Interesting analysis. Greg, what you see as a horrifying shock, I see as golden opportunity. Rude awakening, after all, is still an awakening ... the question is, into what?
I hope the following points are useful to a number of people who've arrived at the Forge lately, not just Adorame.
1. Success is defined by yourself. Nearly every bit of advice or "wisdom" you receive from others is filtered through two things: what they think you
consider success, and how
can be successful through you.
2. If your proposed success-concept includes sales, then profiting would seem a necessary component. Profit is a matter of return vs. costs. What sort of costs are you able to bear? What solid returns can you count on, and how many do you need?
3. The industry as defined by stores + distributors is an "industry." The quotes mean that it does not consistently reward all the members of the system through normal operation. There are many conflicts of interests among manufacturers, distributors, and retailers, and only rarely does a set of titles get released, end up in customers' hands, and also make everyone decent money along the way. Bluntly, the current three-tier does not work well, if at all. Someone typically gets screwed, and that's typically the retailer or the manufacturer.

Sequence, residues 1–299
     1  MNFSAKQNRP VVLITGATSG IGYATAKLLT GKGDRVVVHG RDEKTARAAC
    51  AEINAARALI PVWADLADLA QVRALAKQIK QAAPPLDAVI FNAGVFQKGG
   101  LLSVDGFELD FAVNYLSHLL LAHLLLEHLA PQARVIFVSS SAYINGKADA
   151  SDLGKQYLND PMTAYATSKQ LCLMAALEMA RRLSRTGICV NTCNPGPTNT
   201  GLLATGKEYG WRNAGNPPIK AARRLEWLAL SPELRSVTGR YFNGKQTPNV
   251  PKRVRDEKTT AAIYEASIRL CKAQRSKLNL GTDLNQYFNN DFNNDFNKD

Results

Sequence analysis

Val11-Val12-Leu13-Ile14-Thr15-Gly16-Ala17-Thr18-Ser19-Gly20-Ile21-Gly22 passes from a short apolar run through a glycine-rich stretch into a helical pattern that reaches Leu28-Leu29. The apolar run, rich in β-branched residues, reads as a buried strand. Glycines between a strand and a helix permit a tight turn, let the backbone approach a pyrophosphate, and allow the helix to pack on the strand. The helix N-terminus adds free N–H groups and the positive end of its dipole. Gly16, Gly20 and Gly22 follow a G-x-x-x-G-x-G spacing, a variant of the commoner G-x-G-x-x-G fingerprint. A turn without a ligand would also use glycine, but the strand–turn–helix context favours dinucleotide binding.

4. The real industry, of which the three-tier is a stammering and secondary part despite its highly visible components, consists of people designing games and people playing them, with money reliably changing hands along the way.
Personal bias statement:
success in RPG publishing consists of establishing oneself in the real industry and
utilizing the "industry" in as positive a way as possible.
This is the history of Adept Press, for instance. I have a nice relationship with many stores not because I ever had a blowout sales month in any one of them (I'll eat the Diana Jones Award if any single store ever sold five copies of my books in a single month), but because the books' presence in the real industry makes their small presence in the retailers' stores consistently worth their small investment in it. They make a small but predictable profit; I get a few pennies and excellent promotion.